Editor's Viewpoint: Cold logic of law can add insult to injury
On a June day last year two lives were changed forever in an inexplicable accident.
Cyclist Mark Millar was left paralysed from the waist down and suffered an extensive catalogue of other injuries when a car driven by Elaine Adu hit his bicycle.
Mrs Adu, who is a Christian pastor, says she thinks about the accident every day and struggles to come to terms with the fact her actions left someone else with life-changing injuries.
Mr Millar has no difficulty realising what happened to him.
A keen cyclist and athlete, he has undergone major surgeries, extensive rehabilitation and faces more treatment for years to come.
He shows remarkable courage and stoicism in suggesting that he may one day return to the sport he loves as a para-cyclist.
However, understandably, he is angry at the sentence handed down to the motorist - 80 hours of community service and a one-year driving ban.
Given the gravity of his injuries and the fact that he says he remains in chronic pain, his reaction is to be expected.
While he has branded the punishment handed out to Mrs Adu as a "joke", it must be borne in mind that judges are bound by sentencing guidelines, including mitigating factors such as an early guilty plea and remorse.
The lack of any discernible aggravating factors such as the use of a telephone or tablet, or issues with eyesight or having taken drink, also played in her favour.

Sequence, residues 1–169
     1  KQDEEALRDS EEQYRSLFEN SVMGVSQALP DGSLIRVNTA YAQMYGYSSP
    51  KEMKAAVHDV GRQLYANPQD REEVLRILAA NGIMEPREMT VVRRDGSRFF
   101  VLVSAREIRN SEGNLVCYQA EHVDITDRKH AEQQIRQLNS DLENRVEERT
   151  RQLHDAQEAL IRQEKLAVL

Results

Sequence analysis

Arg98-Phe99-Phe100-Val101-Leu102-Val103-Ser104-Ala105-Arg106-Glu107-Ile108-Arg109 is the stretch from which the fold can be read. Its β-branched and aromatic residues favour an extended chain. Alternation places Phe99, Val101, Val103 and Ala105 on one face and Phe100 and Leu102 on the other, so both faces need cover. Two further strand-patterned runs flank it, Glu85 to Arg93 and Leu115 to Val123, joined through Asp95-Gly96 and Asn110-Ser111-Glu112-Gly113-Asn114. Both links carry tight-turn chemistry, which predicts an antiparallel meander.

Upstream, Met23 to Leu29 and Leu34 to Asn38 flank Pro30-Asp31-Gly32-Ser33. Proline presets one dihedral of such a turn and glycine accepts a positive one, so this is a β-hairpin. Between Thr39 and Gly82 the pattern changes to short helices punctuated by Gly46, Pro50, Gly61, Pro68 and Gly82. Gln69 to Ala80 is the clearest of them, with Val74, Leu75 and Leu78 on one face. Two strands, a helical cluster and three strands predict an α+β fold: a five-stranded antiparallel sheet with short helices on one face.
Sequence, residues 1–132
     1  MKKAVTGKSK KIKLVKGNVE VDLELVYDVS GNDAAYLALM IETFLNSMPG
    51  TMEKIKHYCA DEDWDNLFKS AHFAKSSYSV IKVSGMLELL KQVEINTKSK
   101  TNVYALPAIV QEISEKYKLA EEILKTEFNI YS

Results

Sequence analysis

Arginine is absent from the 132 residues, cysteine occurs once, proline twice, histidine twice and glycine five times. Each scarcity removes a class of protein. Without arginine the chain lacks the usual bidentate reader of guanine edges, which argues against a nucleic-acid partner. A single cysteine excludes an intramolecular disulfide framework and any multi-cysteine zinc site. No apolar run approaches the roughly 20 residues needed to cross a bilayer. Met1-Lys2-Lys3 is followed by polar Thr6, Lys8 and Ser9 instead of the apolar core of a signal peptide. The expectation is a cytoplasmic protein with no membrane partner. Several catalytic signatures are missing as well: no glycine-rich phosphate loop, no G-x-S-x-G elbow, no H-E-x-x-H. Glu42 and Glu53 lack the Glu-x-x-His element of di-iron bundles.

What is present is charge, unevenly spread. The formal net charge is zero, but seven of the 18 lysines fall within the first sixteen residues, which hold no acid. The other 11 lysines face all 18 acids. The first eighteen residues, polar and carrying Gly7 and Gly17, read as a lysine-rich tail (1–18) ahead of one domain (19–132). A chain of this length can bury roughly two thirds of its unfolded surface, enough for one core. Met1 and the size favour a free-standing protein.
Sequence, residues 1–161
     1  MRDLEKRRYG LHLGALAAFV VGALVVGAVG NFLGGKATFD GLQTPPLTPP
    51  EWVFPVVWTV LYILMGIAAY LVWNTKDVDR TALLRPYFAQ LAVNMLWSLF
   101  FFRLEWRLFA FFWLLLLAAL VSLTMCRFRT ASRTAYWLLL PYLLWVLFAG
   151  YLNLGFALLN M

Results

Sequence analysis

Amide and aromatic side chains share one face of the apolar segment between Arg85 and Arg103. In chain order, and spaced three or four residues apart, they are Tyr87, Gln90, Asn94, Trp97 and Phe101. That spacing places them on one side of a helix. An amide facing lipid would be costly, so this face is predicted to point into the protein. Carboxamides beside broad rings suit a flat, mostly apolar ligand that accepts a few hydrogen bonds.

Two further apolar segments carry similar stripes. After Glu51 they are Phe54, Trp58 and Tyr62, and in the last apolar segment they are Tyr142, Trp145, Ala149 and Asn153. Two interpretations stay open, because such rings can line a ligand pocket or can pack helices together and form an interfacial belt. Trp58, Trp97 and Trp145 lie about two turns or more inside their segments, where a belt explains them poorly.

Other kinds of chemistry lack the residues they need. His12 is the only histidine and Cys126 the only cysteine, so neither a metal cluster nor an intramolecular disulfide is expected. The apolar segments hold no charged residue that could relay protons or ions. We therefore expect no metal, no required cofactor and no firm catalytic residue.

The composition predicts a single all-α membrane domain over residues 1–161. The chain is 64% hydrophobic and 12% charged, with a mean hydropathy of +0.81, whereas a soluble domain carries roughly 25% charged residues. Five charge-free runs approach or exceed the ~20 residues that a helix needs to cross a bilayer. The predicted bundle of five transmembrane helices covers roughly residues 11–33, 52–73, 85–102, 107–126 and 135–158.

But the cold logic of the law does not always sit easily with the public and particularly victims or their relatives who often take a more emotional attitude.
The family of Queen's University student Enda Dolan was angry when the drunken driver who knocked him down and killed him was sentenced to seven years in jail.
That sentence was increased by one year when the original term was appealed.
There was anger also from the family of Armagh teenage jogger Lesley-Ann McCarragher when the young driver who knocked her down and killed her had his nine-year sentence reduced to eight on appeal.
It has to be accepted that no sentence will ever give Mr Millar back his full health or mobility.
However, that does not make his present situation any easier to bear, nor does it mellow his feelings about the sentence handed down to the woman who changed his life forever.